A Step-by-Step Guide To Save Money And Time On Groceries
The other day, I was watching videos on YouTube looking for ideas to start meal planning and save money because my grocery shopping, and bill, are a disaster. Honestly, I spend a lot of time and money at the store, and I can’t seem to put together a few meals for the family each week.
So, scrolling the search results, I stumbled upon on a video headline that read something like this: “Grocery shopping for $25 a week”.
That is crazy! What do you feed your family for $25 per week?
Intrigued and anxious to learn the secret, I started watching the video. But instead of feeling inspired, I got frustrated.
This vlogger’s $25 weekly grocery shopping strategy consisted of pulling out of her three deep freezers previously-made frozen meals and buying some milk and garnishments.
I am still rolling my eyes.
I don’t have a deep freezer. The only frozen thing in my fridge is ice cream and a three-year-old package of fish.
So, after watching for a whole 10 minutes waiting for the magic $25 grocery shopping recipe, I moved on disappointed.
And because I do not want to let you down, let’s get to the point of this blog post.
How do you really save time and money on groceries while still managing to feed your family? The answer: Meal planning.
Need A Meal Planner?
If you want to learn more, you should check out my Smart Grocery Shopping And Meal Planning Toolkit. I have put together a video training and workbook to show you exactly how I set my budget, plan my meals, and shop with intention.
Ultimate Meal Planning Guide For Beginners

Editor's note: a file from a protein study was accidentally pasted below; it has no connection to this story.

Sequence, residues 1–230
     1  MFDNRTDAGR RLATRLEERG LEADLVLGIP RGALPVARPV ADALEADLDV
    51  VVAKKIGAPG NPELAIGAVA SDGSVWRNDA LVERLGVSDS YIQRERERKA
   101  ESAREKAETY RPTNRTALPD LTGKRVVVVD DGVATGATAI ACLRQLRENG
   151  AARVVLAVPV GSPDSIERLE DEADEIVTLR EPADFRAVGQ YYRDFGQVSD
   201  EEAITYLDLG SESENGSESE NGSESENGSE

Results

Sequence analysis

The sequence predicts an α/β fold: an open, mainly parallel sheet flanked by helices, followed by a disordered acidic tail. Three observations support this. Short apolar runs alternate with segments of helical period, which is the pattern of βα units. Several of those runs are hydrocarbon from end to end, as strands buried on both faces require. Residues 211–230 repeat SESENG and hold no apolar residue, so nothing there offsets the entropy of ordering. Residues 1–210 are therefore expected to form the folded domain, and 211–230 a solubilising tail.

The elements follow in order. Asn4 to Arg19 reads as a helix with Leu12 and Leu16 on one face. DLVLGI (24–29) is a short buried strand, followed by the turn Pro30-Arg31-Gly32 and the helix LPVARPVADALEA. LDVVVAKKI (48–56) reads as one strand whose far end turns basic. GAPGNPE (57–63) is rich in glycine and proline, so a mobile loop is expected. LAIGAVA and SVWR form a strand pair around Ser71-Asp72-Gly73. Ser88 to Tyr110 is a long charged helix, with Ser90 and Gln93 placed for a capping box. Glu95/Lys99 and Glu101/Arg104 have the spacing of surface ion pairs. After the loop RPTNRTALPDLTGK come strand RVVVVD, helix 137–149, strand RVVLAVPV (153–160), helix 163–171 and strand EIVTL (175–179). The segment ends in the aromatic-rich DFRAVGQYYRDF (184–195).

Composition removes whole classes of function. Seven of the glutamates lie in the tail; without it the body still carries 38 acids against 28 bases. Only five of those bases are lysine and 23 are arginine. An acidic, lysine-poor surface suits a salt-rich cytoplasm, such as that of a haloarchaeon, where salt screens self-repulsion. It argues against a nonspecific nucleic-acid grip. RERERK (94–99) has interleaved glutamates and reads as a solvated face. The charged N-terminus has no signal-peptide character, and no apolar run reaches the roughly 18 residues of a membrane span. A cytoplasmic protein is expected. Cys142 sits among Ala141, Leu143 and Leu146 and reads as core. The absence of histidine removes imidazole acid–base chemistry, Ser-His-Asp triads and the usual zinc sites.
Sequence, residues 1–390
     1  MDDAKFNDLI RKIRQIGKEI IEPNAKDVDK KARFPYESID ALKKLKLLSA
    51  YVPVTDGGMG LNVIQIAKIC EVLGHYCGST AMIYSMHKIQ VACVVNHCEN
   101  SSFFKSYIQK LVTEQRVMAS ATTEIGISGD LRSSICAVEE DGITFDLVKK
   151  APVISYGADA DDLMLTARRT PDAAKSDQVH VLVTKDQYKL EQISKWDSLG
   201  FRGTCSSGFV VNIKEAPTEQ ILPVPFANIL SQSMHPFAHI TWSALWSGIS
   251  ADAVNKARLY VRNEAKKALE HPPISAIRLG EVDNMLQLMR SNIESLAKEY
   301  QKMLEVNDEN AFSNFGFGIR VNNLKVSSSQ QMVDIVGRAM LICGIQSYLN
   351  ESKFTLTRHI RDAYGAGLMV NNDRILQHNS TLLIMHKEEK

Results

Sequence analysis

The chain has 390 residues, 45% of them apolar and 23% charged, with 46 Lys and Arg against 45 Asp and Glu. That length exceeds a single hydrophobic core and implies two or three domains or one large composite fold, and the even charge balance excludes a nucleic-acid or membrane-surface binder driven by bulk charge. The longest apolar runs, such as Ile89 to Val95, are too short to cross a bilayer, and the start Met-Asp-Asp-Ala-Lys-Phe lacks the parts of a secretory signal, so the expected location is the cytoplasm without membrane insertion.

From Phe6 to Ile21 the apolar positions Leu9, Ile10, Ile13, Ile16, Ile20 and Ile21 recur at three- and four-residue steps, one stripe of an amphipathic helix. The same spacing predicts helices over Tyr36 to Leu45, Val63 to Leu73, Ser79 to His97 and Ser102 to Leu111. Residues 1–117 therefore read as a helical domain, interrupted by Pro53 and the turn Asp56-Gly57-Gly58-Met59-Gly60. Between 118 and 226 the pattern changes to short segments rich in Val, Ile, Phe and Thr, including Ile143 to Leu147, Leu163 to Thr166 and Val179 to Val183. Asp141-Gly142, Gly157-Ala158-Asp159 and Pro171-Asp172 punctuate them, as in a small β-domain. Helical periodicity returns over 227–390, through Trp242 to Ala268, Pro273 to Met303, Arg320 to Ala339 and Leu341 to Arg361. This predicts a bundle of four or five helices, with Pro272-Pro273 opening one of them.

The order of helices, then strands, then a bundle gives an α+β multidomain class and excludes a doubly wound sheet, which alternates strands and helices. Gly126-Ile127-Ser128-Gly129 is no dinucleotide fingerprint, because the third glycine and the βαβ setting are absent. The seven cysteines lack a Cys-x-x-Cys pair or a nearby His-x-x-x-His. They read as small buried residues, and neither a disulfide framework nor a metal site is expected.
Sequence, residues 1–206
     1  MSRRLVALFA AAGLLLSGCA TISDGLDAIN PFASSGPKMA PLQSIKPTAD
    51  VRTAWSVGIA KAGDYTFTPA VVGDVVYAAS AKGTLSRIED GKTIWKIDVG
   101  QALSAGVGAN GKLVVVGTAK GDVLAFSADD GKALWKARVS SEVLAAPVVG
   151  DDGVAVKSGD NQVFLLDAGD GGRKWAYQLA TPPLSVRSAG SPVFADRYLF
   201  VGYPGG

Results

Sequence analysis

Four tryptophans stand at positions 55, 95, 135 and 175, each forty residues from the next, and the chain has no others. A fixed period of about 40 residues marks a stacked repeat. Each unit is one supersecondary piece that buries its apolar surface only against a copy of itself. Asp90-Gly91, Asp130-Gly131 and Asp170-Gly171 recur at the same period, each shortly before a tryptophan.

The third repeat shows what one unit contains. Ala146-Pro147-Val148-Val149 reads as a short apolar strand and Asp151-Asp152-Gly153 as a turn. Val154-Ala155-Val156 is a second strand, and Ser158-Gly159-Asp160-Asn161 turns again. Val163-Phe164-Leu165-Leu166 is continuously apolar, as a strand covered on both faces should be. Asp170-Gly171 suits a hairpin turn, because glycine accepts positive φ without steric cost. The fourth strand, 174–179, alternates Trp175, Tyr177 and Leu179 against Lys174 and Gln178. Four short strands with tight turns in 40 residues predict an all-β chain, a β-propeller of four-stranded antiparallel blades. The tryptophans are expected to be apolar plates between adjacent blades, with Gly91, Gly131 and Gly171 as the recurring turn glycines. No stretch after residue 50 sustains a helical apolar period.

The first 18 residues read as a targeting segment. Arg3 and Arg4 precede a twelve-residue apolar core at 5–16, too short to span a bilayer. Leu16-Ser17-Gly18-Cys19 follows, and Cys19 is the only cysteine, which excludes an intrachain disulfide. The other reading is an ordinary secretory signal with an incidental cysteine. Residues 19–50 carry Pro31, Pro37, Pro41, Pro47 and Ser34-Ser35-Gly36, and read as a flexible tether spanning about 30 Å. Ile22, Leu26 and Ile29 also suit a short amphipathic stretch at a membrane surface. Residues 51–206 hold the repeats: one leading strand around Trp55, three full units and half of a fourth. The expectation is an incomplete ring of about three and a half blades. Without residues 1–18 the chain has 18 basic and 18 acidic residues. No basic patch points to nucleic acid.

After our mortgage, groceries are our second-largest monthly household expense. We average $1,100 per month on supermarket expenses, including food, toiletries, cleaning supplies, and anything we need to function at home.
That’s a lot of money! And, knowing where I am coming for, there is no possible way I could feed my family on a $25 a week budget. At least not in America, and I don’t think anywhere else either!
But I do believe that I can save a few hundred dollars every month at the store if I become more intentional and smarter with my spending.
What Meal Planning Is, And What It Is Not
Before we get into the meat and potatoes of grocery planning for beginners, let’s define what meal planning is and what it is not.
I define meal planning as the conscious effort of deciding what your family will have for breakfast, lunch, and dinner before each week begins.
Meal planning is not making a shopping list of what’s missing at home two minutes before you head out to the store. Which, by the way, that is exactly what I have done for most of my married life.
I am rolling my eyes again!
But finally, sixteen years into buying groceries for my family, I came to the following enlightening realization. Are you ready for this?
A shopping list is not a meal plan.
Come on! Read it aloud with me.
A shopping list is not a meal plan!
This simple fact is significant! Because understanding this truth can end up saving you thousands of dollars and hours doing grocery shopping.